Before I could process my reaction, she added, “Very often gays are maligned, spoken of badly. I think it’s important that if we know somebody that great — and he was great — who happened to be gay, that we say so. It should be known.”

So I set out to do just that: learn everything I could know about him. I searched for more information on Fredy Hirsch but, at the time, was disappointed that there wasn’t much to find.

Eventually I learned that he was a gay German-Jewish refugee to Czechoslovakia and a gymnastics teacher. As Jews were marginalized, incarcerated and ultimately systematically murdered, he took on an increasingly important role as a community leader and youth counselor to many children — first in the Zionist youth movement Maccabee Hatzair and later in Theresienstadt. When he was deported to Auschwitz he created and managed two children’s barracks, making them a relatively safe haven for hundreds and brightening their final months. They had heat during the winter, enjoyed bigger portions of food and received an education that included Hebrew and English classes, sports, arts and a strict hygiene protocol. Many Holocaust survivors have said that they owe their lives to Hirsch.

Somehow, under horrific and brutal circumstances, he was able to achieve the unthinkable — and this in spite of being Jewish and homosexual, which put him at the bottom of the camp’s cruel hierarchy. Survivors who knew him testified that SS officers treated him relatively well since he was a native German who managed to keep clean, maintain a neat appearance and practice sports. He eventually died at Auschwitz in March 1944.

I reached out to some LGBTQ and educational organizations, hoping they might consider introducing Hirsch’s story into their educational activities for teenagers, but nothing really came of it. It felt like a great injustice that his legacy and contribution were not being acknowledged.

Today Google is commemorating Hirsch with a Doodle appearing in Germany, Israel and several other countries on what would have been his 105th birthday.

It’s a step towards greater recognition of an important story that isn’t widely known. According to Rubi Gat, who created the documentary “Dear Fredy,” Czechoslovakia’s communist regime quashed Fredy’s story because he was a Jew and because his homosexuality didn’t fit into their narrative about who qualified to be a hero. 

Dr. Michal Aharony, editor of The Journal of Holocaust Research and author of the article “The Unknown Hero Who Saved Children at Auschwitz,” says that while Holocaust survivors who knew Hirsch spoke of him fondly and mentioned that he was openly gay, academic texts only started mentioning his sexual orientation in the past couple of decades.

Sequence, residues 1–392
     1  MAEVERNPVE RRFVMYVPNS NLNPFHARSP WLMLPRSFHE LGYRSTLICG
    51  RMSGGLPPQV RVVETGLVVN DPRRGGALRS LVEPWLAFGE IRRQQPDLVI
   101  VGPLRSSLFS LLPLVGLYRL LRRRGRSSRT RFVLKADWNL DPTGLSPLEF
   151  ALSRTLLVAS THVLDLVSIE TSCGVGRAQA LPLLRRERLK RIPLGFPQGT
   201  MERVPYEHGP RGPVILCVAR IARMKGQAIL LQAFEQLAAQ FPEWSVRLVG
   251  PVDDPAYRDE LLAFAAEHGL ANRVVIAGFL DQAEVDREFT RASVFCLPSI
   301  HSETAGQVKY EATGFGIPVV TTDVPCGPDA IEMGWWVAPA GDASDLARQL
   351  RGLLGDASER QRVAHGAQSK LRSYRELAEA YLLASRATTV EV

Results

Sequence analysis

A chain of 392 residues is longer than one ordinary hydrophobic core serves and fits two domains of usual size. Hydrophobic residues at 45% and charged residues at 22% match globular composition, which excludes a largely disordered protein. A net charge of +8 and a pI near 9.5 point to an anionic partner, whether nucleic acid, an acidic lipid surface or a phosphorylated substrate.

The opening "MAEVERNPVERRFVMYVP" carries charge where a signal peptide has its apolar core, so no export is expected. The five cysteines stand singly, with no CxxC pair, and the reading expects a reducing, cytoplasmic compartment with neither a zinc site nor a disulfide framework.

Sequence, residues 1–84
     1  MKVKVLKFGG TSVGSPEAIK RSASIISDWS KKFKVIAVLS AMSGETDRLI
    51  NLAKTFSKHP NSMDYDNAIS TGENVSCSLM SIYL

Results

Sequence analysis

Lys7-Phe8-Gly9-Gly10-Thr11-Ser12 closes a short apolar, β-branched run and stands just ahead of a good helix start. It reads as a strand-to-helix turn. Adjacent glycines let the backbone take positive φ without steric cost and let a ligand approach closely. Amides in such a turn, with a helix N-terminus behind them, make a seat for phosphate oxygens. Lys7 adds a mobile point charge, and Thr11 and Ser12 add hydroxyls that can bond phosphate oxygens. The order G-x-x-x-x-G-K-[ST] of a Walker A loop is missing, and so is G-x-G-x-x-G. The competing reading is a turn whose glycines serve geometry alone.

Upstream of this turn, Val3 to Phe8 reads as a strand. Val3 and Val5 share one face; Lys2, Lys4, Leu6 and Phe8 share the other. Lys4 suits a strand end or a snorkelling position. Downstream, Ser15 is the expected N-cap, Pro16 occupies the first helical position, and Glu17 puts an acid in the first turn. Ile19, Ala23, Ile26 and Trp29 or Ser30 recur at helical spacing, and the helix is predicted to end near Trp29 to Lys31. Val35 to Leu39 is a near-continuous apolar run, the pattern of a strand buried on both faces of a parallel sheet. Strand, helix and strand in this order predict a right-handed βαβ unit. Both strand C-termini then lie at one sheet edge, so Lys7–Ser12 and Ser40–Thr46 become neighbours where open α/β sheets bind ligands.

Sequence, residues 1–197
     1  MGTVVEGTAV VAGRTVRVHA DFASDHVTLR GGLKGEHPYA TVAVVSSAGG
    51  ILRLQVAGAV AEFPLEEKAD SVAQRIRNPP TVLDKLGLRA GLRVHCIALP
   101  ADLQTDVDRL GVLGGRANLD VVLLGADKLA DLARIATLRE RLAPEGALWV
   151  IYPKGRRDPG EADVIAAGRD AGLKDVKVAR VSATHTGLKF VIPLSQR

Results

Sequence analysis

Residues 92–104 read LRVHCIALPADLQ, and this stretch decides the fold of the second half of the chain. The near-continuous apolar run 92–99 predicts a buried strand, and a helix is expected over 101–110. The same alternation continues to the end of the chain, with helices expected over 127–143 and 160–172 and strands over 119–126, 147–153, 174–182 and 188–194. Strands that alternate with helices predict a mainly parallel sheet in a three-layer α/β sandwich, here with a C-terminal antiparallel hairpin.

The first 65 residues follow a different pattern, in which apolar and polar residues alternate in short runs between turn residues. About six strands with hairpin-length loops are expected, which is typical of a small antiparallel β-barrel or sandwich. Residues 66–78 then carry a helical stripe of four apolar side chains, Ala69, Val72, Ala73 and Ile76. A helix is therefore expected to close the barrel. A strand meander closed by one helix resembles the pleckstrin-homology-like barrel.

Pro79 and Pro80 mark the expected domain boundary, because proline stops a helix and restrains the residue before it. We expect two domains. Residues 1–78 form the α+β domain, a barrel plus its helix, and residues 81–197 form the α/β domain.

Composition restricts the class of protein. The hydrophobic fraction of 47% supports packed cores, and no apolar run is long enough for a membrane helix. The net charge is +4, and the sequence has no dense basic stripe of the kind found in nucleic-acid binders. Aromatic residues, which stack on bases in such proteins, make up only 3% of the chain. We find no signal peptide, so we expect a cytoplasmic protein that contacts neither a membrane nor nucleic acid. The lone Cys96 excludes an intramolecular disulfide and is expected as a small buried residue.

I'm full of hope that Hirsch’s story will inspire others to commemorate the many LGBTQ historical figures who have never been properly acknowledged, and that future generations will benefit from their legacy. 

Above all, we should remember Hirsch as a symbol of solidarity and generosity, as a great believer in the power of a healthy lifestyle and mindset to deal with terrible circumstances, and as a hero who chose to help those who were most in need rather than to save himself. 

Doodle for Google is back for its 13th year

2020 was a challenging year for many of us. As a mother of three young children, it was filled with important conversations and loads of feelings as we took on distance learning, quarantining and even  changes like wearing masks. 

No one knew how to parent through a pandemic (that wasn’t in the handbook) but my family's chats kept coming back to the concept of being strong – for ourselves and for others. While nothing could have prepared us for the highs and lows of last year, we somehow managed to grow a little stronger. 

That idea of inner strength felt like a natural theme to bring into our 13th annual Doodle for Google contest: The 2021 contest theme is “I am strong because…”  We’re asking students to creatively share how they keep moving forward when things get tough. When you make mistakes or get scared, what helps you clear the clouds above your head? When people around you are feeling down, how do you use your inner strength to lift them up?

This year we have an impressive judging panel helping us to determine our 54 state and territory winners and five national finalists, one of whom will go on to be the national grand prize winner. Dav Pilkey, best-selling book author and illustrator (“Dog Man,” “Captain Underpants” and “Cat Kid Comic Club”), Grammy Award-winning producer and artist Peter CottonTale and 2020’s National Teacher of the Year Tabatha Rosproywill join us as guest judges. 

Inner strength is something all of our judges have relied on. As a child, our first guest judge Dav was diagnosed with dyslexia and ADHD and was often sent out in the hallway during class. While alone in the hallway, he drew and created stories that evolved into his books. Today, his #1 bestselling “Dog Man” series has 40 million copies in print, has been translated into 40 languages and is being developed as a feature film by DreamWorks. Dav explores themes like kindness, courage, empathy and doing good in his unique graphic novels, and he recently created a series of read-aloud and how-to-draw videos to encourage kids to be creative. This led to the launch of “Dav Pilkey at Home,” a collaboration with the Library of Congress and Scholastic which provides free online content for kids and families during the pandemic lock down.